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Decanter travel guide: Friuli, Italy

With sea and mountain vistas and diverse local foods, this north- eastern corner of Italy makes an ideal spot for relaxed, uncrowded wine touring, says Carla Capalbo. Read her Friuli travel guide here, first published in the Decanter April 2012 issue.

Friuli fact file:

DOC vineyard areas: Collio: 1,319ha; Isonzo: 1,164ha; Carso: 58ha

Main grapes:

Collio:  Pinot Grigio (330ha); Sauvignon (251ha); Friulano (206ha); Chardonnay (122ha); Merlot (103ha); Ribolla Gialla (81ha).

Isonzo:  Pinot Grigio (210ha); Friulano (178ha); Sauvignon (154ha); Merlot (153ha); Chardonnay (121ha); Cabernet Franc (100ha).

Carso:  Malvasia Istriana (16ha); Cabernet Sauvignon (9ha); Vitovska (8ha).

Quick links:
Six of the best wineries to visit
Where to stay, shop, eat and relax

Walking down Gorzia’s tree-lined avenues, flanked by period villas and attractive gardens, you could be forgiven for thinking you’re in Vienna or Paris rather than a provincial city in north-east Italy. Considered the ‘Austrian Nice’ of the Habsburg empire, Gorizia’s mild climate and multicultural atmosphere have always made it an eclectic, lively trading centre. Ever a frontier town, Gorizia was divided in the 20th century between Yugoslavia, Italy and Slovenia. After Slovenia joined the EU in 2004, the border guards finally left a few years later. The area’s wines were well known to the Austrians, who had them shipped, along with cherries and other fruits, to Vienna in the 19th century. Several great winemaking areas fan out from the town. Gorizia sits nestled under the Julian Alps in the Collio hills, which have long been recognised for their fine wines on both sides of the border. The Isonzo river plain and plateau, a special terroir for wines, stretches from Gorizia towards the Adriatic Sea, while the Carso hills, extending south from Gorizia to Trieste, provide another distinct area for their uniquely rocky, limestone soils.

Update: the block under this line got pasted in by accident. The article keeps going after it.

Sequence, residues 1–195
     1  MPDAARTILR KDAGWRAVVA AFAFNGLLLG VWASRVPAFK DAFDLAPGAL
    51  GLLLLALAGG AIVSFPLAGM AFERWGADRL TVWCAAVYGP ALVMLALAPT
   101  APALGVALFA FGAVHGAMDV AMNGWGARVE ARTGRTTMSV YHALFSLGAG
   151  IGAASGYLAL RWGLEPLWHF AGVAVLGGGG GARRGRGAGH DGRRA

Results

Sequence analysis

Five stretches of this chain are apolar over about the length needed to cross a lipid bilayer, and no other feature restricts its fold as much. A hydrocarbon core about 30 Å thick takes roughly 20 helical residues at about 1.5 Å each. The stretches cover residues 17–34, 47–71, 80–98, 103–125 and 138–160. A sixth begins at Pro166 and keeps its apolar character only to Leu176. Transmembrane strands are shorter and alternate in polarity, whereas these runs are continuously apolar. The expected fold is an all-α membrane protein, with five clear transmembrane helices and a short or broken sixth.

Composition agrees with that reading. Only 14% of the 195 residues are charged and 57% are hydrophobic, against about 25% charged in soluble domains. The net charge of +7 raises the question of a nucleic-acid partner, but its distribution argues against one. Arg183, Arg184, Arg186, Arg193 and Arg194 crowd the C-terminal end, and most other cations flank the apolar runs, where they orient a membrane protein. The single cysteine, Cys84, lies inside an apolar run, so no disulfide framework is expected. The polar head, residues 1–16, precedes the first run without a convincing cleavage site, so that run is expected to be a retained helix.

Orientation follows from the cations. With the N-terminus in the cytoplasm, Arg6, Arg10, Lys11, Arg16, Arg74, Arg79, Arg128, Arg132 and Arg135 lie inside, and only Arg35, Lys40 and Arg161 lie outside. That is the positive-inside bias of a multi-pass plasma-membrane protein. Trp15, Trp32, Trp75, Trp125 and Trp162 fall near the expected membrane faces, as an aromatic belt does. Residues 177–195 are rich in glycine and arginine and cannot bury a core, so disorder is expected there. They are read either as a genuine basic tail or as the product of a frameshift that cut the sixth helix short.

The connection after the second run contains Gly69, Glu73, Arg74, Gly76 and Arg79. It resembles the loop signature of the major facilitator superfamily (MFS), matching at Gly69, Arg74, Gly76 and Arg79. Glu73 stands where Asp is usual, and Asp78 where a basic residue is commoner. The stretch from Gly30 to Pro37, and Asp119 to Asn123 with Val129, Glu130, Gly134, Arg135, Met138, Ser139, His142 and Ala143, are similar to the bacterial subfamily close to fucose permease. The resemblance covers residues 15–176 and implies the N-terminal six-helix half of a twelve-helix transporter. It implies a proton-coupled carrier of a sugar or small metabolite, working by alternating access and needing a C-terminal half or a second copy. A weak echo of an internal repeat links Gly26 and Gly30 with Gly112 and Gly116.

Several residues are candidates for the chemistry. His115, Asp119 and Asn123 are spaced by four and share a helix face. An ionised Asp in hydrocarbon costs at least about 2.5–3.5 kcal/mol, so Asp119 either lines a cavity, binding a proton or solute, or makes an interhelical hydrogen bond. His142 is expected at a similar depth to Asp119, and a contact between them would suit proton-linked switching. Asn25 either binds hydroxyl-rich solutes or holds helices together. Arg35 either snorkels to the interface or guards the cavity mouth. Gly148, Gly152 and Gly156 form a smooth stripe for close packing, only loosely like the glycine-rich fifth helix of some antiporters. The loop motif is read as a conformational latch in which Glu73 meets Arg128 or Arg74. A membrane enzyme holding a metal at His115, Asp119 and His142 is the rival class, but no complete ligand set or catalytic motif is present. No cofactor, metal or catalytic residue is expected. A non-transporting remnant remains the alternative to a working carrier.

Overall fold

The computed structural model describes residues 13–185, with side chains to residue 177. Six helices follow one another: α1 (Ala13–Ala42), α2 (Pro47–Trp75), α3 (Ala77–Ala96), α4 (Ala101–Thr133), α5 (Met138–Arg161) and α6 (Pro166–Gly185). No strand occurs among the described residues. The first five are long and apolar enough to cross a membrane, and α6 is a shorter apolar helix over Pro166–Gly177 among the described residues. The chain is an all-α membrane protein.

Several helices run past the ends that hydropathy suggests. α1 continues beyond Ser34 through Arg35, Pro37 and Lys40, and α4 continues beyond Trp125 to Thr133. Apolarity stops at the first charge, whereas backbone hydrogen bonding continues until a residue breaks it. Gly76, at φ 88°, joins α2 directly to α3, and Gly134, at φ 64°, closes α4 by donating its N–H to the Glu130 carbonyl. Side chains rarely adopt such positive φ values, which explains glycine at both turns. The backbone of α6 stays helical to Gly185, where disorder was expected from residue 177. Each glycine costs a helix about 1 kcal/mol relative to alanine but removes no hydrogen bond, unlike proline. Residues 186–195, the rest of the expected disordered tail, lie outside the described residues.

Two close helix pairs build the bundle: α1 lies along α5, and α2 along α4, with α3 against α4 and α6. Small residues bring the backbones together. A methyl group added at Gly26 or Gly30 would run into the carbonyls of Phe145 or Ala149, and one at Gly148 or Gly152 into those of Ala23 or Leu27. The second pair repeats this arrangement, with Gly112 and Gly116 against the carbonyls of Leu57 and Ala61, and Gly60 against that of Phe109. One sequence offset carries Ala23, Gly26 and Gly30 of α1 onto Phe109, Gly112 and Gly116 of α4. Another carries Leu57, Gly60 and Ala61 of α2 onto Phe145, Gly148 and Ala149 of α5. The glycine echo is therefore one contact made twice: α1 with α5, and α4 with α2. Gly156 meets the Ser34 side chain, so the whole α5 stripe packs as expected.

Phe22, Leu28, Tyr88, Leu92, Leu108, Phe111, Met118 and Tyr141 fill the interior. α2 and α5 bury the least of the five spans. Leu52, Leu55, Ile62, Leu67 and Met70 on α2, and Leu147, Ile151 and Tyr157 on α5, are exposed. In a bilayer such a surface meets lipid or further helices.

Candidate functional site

Gorizia and Collio

Gorizia makes a great starting point for a wine holiday in eastern Friuli-Venezia Giulia. This area is full of interest yet still quite untouristy, and you can get there easily by car from Venice airport in less than 90 minutes, and from Trieste airport in 45 minutes. Gorizia is readily walkable, with a colourful market at its heart and many European style cafés and restaurants. Then it’s just a short drive out of town to the heart of wine country, where it’s easy to visit small, family-run wineries and their vineyards. Many offer agriturismo, with B&B or meals; most welcome visits if pre-arranged.

The wines in this area don’t conform to any house style. Friuli is known particularly for its fine whites, yet they vary from pale, steely, dry styles through more structured barrel-aged wines, to the ‘orange’ wines made through long macerations that are now popular. This freedom of interpretation has created a dynamic range that rewards tasters and travellers alike. Red wine enthusiasts will find plenty, too, whether from well-known French varieties that have been cultivated here for more than a century, or from local varieties such as Pignolo, Refosco or Carso’s intense Terrano.